Goss Graves pointed out that she has been president and CEO of NWLC, which works to change laws, policies, and culture to ensure that people can work and learn with safety, dignity, and equity, during the Trump presidency, the #MeToo movement, and the COVID-19 pandemic.

“My greatest achievement and honor is steering the organization and broader movement to not only respond to these giant inflection points but to build toward a future beyond this period,” she said.

Goss Graves says while the law center is focused on many issues in 2024, this year’s elections are at the forefront.

“We are focused on making sure that voters understand what’s at stake in the upcoming election. We believe that mobilization begins with information,” she said. “The far right’s strategy, I think, is to spread baseless lies that instill fear in people and then use that fear as motivation to get folks to the ballot box. Where extremists lead with fear, I want us to lead with honesty and hope. Here’s how things really are, and here’s how you can make them better.”

The law center plans to continue to defend attacks against women and families in bills and federal budget negotiations, in which Goss Graves said conservatives want to cut domestic spending, potentially hurting families.

The law center also has pushed for the Biden administration to tighten Title IX rules, which Goss Graves said she hopes will happen by spring.

“Until then, students are without adequate protections against sexual assault, sex-based harassment, and other sex discrimination,” said Goss Graves, who recently testified before Congress on the issue. “LGBTQI+ students are facing a crisis of hundreds of state bills depriving them of their right to learn in safety and who they are. Pregnant and parenting students are still without the support they need to stay in school, which is even more urgent in the wake of the Supreme Court’s destructive decision in Dobbs that eviscerated the federal constitutional right to an abortion.”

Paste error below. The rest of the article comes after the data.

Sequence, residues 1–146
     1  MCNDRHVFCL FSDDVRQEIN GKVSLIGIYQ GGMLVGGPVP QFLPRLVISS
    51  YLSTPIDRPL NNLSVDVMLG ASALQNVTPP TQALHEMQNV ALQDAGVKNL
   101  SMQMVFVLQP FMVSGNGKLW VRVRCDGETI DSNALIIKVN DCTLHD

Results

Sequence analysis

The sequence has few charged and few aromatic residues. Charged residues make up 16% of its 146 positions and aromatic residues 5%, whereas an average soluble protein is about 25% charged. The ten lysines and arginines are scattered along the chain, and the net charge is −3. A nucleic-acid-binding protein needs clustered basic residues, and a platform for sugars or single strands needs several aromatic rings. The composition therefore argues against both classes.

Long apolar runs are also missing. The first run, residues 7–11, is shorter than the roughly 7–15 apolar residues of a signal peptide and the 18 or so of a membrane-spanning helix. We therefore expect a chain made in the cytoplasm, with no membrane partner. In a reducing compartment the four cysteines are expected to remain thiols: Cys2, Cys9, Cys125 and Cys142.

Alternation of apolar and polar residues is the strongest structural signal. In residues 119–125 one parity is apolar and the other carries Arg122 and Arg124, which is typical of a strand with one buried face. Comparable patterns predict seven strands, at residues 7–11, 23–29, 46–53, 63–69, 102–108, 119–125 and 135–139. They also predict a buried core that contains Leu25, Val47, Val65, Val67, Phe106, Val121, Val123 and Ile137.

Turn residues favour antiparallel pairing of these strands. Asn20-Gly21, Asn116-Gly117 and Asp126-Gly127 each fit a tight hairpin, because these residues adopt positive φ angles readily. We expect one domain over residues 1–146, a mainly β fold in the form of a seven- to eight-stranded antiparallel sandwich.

UMB’s EDI Efforts

Goss Graves praised UMB for its numerous equity, diversity, and inclusion (EDI) efforts, which include launching an EDI Data Dashboard, a dynamic tool for mapping and tracking UMB’s evolving landscape of EDI across its seven schools and administrative units.

“I admire so much of how UMB has really turbocharged their diversity, equity, and inclusion efforts over the past few years, and I have been especially excited to see the development of UMB’s EDI Data Dashboard,” she said. “Tracking data like this, in such a transparent manner, is a form of taking accountability. It gives a snapshot of where the organization stands and where it is going and includes a public commitment to filling those gaps.”

She said EDI is not only a value of the NWLC but also is “a core driver of our work and an essential part of our mission.”

“We care deeply about creating a work environment where our diverse staff can grow, belong, and thrive — and for that environment to further enable us to achieve NWLC’s gender justice agenda.”

She said the law center has a diversity, equity, inclusion, and belonging team of four staff members who are experts in data-informed approaches, education and professional development, and building community.

“The team seeks to be data informed in how priorities get established, how impactful initiatives are, how impactful our policies and operations are, and more,” she said.

A Generational Fight for Justice

Goss Graves said one of Dr. King’s quotes that she often references is “The arc of the moral universe is long, but it bends toward justice.”

“The fight for justice has always been a generational one,” she said. “This is the lesson we can take from past generations — they pushed for progress they didn’t live to see, and now it is our duty to do the same.

“I find great solace in Dr. King’s long-arc vision, because it reminds me that even if we face setbacks today, one day, our vision for justice will be fulfilled. When I look at my own children and the elders in my family, I know that we are all driving in the same direction.”

— Jen Badie

Recent MLK/BHM Speakers


Sharon Fries-Britt

Sharon Fries-Britt, PhD
Professor of Higher Education and Distinguished Scholar-Teacher, University of Maryland, College Park (UMCP)


Lawrence T. Brown

Lawrence T. Brown, PhD, MPA
Educator, Equity Scientist, and Author


Anthony K. Wutoh

Anthony K. Wutoh, PhD '96, BSP '90, RPh
Provost and Chief Academic Officer, Howard University